In 2018, Laura Jacoby and her son Cyrus Brooks stopped by Shima Seiki USA’s New York offices. Fast forward three years and Muriel’s of Vermont was formed and began operations offering sweaters online.
In December of 2018, Laura Jacoby and her son Cyrus Brooks stopped by Shima Seiki USA’s New York offices. They had heard about how the company was making great strides in knitting innovation and wanted to learn more to see if they’d be able to consider vertical manufacturing of knitted sweaters for the local Vermont community using locally sourced yarns to support farmers.
Fast forward three years and Muriel’s of Vermont was formed, and it began operations offering sweaters online. The newly established vertically integrated brand is now turning locally sourced fibres into WHOLEGARMENT 3D Knit products for its customers to wear. The name Muriel comes from Laura and Cyrus’ mother and nana, who was a ‘back to lander’ who grew her own vegetables, tapped her own sugar maples, and bought meat and raw milk from the farmer down the road. She was also a hand knitter who produced one-of-a-kind creations that are still used today.
When the company started its own garment line, it decided to do things the way Muriel would have done them – locally, intentionally, and with love. Muriel’s supply chain is quite simple, Vermont’s farms produce beautiful fibres, small regional businesses process those fibres, and advanced manufacturing innovations make it possible for Muriel’s to knit each garment in its basement.
Since the yarns are locally sourced, Muriel’s product runs are limited and can sell out quickly, so would be buyers should sign up for updates or follow the company on social media to find out when new products are available. Currently Muriel’s offer quality knits with Vermont wool and other responsibly US-sourced fibres, and summer garments using cotton and a hemp/silk blend. By growing a market for local wool, Muriel’s is supporting its neighbours who sequester carbon by intentionally managing their farmland.
To learn more, Shima Seiki USA reached out to Muriel’s of Vermont to learn about the venture and why it chose WHOLEGARMENT technology when establishing its facilities.
Shima Seiki USA (SSUSA): Please tell us about yourself.
Muriel’s: Laura and Cyrus are a mother/son team living in Vermont. Laura has a background in international relief work and non-profit management and Cyrus in film production. We were looking for a business opportunity that would support Vermont agriculture – particularly regenerative agriculture, which can sequester carbon emissions, and noted that Vermont farmers lack a robust, viable market for their wool. The purchase of a Shima Seiki WHOLEGARMENT knitting machine enabled us to start Muriel’s, a Vermont garment company that creates timeless knitwear using wool purchased from Vermont farmers as well as other ethically sourced natural fibres.
SSUSA: What is your background in knitting?
Muriel’s: Laura is a beginner hand-knitter; Cyrus has no knitting experience but through his film production developed skills in computer-generated design that he has used in Shima Seiki’s APEX3 design process.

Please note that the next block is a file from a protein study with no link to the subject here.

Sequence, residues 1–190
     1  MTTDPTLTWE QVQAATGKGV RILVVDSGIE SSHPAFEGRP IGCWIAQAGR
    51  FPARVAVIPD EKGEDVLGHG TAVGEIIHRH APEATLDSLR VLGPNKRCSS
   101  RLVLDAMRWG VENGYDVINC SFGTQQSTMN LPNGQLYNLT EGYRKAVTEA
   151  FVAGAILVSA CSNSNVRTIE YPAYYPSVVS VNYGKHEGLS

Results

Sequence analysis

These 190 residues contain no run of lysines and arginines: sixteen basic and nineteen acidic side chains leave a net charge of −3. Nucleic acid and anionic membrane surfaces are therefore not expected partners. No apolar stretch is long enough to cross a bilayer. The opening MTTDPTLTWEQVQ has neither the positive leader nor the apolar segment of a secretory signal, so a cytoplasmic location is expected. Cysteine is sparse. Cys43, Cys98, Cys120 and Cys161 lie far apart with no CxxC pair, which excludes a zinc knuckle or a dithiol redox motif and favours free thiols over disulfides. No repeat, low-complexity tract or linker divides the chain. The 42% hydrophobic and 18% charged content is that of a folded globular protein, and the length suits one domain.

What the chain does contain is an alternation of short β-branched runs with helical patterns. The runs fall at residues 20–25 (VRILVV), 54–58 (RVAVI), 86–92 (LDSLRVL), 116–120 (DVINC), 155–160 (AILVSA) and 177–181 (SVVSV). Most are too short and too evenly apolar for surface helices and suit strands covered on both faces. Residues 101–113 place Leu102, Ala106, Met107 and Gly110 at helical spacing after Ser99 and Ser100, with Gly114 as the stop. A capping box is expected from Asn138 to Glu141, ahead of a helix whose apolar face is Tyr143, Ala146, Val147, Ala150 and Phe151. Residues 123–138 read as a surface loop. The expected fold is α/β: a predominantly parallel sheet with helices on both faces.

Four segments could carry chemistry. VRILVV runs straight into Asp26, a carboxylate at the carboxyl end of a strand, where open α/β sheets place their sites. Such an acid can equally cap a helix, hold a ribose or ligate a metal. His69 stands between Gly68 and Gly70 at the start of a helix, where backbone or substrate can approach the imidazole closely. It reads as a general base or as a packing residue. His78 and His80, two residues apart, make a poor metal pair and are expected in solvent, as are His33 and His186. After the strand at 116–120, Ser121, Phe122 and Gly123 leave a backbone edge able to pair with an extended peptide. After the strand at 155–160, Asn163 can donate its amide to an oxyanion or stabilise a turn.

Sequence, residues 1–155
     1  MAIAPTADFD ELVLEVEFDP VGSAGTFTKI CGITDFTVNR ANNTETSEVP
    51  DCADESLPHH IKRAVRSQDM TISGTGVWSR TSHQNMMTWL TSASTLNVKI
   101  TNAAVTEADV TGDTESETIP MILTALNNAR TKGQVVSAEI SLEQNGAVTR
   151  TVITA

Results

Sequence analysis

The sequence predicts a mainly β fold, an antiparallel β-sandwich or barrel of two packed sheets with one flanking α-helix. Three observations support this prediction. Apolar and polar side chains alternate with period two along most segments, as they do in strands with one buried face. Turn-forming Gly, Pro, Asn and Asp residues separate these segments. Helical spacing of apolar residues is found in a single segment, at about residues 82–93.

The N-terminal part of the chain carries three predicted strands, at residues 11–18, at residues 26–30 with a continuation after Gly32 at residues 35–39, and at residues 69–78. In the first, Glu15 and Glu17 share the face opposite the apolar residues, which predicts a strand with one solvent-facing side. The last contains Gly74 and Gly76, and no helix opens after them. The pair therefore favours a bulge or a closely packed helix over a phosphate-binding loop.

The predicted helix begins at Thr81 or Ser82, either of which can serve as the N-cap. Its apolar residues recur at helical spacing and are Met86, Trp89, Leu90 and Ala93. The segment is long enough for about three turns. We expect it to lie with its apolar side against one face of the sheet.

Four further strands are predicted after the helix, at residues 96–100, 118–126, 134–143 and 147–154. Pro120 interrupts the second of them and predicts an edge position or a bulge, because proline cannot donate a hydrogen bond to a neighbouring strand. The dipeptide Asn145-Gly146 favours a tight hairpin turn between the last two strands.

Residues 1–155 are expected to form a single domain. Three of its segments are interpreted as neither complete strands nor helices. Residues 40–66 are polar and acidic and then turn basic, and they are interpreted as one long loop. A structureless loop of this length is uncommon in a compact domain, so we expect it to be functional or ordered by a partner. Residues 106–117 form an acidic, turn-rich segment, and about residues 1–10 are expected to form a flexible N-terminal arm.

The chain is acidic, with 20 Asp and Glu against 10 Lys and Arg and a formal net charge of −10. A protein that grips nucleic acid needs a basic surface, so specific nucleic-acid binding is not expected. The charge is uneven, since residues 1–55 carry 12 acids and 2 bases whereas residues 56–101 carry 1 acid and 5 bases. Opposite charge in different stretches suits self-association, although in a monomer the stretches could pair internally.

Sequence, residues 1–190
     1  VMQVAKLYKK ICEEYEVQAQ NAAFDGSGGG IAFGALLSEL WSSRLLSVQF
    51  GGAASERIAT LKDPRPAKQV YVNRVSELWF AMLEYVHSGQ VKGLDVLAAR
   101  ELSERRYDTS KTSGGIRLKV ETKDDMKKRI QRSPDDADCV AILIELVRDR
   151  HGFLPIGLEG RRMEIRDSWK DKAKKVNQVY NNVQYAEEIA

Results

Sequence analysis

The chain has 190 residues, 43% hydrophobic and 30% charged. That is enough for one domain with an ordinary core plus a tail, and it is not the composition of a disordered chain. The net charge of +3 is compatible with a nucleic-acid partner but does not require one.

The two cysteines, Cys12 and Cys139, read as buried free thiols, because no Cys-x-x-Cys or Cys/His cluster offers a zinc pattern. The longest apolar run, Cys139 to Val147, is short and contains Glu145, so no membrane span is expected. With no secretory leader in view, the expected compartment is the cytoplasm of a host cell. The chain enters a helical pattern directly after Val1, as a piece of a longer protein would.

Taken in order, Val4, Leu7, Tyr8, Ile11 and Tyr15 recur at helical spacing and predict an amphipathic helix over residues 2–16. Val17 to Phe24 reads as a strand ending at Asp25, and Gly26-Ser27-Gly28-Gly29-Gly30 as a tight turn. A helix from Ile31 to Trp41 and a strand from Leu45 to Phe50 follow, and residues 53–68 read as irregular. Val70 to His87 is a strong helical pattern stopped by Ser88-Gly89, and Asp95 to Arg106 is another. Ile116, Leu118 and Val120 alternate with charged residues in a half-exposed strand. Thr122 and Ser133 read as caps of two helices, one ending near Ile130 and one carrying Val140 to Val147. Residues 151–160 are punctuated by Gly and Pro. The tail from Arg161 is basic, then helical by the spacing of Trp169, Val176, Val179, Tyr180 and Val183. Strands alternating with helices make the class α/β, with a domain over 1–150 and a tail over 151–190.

SSUSA: How did you hear about Shima Seiki?
Muriel’s: We researched digital knitting technologies that would allow us to produce garments at a scale that would support a viable business model. Shima Seiki came up, so we visited the showroom in New York City’s Garment District and met the company’s Hayato Nishi.
SSUSA: Why did you want to consider WHOLEGARMENT for your knitting facility?
Muriel’s: We are a small operation in a fairly rural part of Vermont. We don’t have access to a large labour pool so require a technology that allows us to produce at scale without extensive labour inputs. The styles that we are interested in producing are classic styles with clean lines, the types of styles that the WHOLEGARMENT machine can produce without extensive finishing work. Shima Seiki’s APEX3 software-generated design process is also key for our business because neither of us have formal garment design training; Cyrus was able to transfer his skills in computer-generated video and graphic design to the APEX3 design process.
SSUSA: How is WHOLEGARMENT benefitting your business?
Muriel’s: We would not have a viable business model without it.
SSUSA: What types of machines do you have?
SSUSA: What kinds of knits do you currently offer?
Muriel’s: Vermont wool turtleneck, rollneck, and V-neck sweaters and vests. Fine Western wool/Tencel blend turtleneck sweaters. 50% recycled/50% organic cotton ribbed V-neck and boatneck sweaters.
SSUSA: Please let us know anything else you would want readers to know about Muriel’s of Vermont.
Muriel’s: We would not gotten this far without the amazing support of Shima Seiki staff every step of the way. The sales team was super helpful, which was crucial for us as complete neophytes to the industry; they gave a tour of the facility and machines and put us in touch with other producers who had purchased WHOLEGARMENT machines. The tech support has been phenomenal – timely, friendly, professional, and always willing to work with us to get any problem solved. Our business model is fairly unique and specific in that we work with wool that is produced and spun into yarn locally; the yarns we use are not uniform nor consistently fine. While the MACH2S has proven robust enough to knit these yarns, John, our tech support, has worked hard to make that happen so we could stay true to our original purpose – saving Vermont farms and the planet.
Article republished with the kind permission of Shima Seiki USA.